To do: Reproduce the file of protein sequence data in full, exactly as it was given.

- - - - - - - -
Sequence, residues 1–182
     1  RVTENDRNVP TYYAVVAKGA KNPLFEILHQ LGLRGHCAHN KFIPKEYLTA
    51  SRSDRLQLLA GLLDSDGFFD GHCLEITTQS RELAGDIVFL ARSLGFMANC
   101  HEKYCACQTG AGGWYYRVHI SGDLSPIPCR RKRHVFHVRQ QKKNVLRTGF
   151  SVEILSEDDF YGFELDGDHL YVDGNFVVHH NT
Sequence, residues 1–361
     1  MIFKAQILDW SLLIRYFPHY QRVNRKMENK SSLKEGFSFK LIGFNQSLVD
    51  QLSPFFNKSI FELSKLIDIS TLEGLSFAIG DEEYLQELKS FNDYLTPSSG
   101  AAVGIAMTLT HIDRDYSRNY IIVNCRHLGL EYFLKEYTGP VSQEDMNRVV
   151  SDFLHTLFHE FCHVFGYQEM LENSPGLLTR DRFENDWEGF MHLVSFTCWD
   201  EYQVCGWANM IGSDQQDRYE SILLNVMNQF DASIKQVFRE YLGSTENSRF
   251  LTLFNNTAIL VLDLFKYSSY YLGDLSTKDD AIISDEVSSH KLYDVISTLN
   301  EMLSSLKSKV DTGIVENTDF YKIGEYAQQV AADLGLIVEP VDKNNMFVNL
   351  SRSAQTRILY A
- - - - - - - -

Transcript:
Sequence, residues 1–182
     1  RVTENDRNVP TYYAVVAKGA KNPLFEILHQ LGLRGHCAHN KFIPKEYLTA
    51  SRSDRLQLLA GLLDSDGFFD GHCLEITTQS RELAGDIVFL ARSLGFMANC
   101  HEKYCACQTG AGGWYYRVHI SGDLSPIPCR RKRHVFHVRQ QKKNVLRTGF
   151  SVEILSEDDF YGFELDGDHL YVDGNFVVHH NT
Sequence, residues 1–361
     1  MIFKAQILDW SLLIRYFPHY QRVNRKMENK SSLKEGFSFK LIGFNQSLVD
    51  QLSPFFNKSI FELSKLIDIS TLEGLSFAIG DEEYLQELKS FNDYLTPSSG
   101  AAVGIAMTLT HIDRDYSRNY IIVNCRHLGL EYFLKEYTGP VSQEDMNRVV
   151  SDFLHTLFHE FCHVFGYQEM LENSPGLLTR DRFENDWEGF MHLVSFTCWD
   201  EYQVCGWANM IGSDQQDRYE SILLNVMNQF DASIKQVFRE YLGSTENSRF
   251  LTLFNNTAIL VLDLFKYSSY YLGDLSTKDD AIISDEVSSH KLYDVISTLN
   301  EMLSSLKSKV DTGIVENTDF YKIGEYAQQV AADLGLIVEP VDKNNMFVNL
   351  SRSAQTRILY A